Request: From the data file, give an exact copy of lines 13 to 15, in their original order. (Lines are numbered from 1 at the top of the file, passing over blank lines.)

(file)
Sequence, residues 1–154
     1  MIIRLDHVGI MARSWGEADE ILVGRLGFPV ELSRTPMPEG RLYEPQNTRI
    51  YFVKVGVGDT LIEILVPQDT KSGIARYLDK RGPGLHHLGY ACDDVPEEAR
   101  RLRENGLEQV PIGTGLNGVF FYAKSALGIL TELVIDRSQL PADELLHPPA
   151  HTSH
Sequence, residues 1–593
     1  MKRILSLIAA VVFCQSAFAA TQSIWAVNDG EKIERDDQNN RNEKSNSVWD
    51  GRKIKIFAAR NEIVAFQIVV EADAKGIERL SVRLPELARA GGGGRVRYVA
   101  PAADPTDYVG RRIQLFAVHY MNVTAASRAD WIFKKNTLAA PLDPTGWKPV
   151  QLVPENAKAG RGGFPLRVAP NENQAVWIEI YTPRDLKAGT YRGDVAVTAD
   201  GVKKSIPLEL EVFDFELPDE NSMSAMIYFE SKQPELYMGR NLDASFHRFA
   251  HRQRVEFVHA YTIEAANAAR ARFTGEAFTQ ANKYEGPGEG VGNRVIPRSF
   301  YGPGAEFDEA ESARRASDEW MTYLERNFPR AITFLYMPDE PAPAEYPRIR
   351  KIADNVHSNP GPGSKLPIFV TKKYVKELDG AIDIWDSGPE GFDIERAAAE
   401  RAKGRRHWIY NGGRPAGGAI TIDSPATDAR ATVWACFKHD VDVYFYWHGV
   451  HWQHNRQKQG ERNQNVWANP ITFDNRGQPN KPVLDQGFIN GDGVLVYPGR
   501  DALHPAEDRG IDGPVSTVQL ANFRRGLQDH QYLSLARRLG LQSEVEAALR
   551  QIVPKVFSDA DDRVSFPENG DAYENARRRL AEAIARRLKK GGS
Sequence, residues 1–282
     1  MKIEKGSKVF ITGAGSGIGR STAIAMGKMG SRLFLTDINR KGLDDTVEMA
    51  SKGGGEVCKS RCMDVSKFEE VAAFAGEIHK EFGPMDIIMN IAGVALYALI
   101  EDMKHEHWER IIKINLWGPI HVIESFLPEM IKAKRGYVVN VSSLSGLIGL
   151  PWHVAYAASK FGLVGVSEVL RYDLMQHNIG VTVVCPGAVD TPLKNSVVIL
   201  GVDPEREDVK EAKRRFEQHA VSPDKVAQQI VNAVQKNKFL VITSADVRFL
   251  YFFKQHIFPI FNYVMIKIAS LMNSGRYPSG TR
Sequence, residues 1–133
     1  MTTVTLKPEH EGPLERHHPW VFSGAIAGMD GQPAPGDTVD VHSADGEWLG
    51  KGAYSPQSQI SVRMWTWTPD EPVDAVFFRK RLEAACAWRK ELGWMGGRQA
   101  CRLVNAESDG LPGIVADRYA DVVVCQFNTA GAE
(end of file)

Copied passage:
   301  YGPGAEFDEA ESARRASDEW MTYLERNFPR AITFLYMPDE PAPAEYPRIR
   351  KIADNVHSNP GPGSKLPIFV TKKYVKELDG AIDIWDSGPE GFDIERAAAE
   401  RAKGRRHWIY NGGRPAGGAI TIDSPATDAR ATVWACFKHD VDVYFYWHGV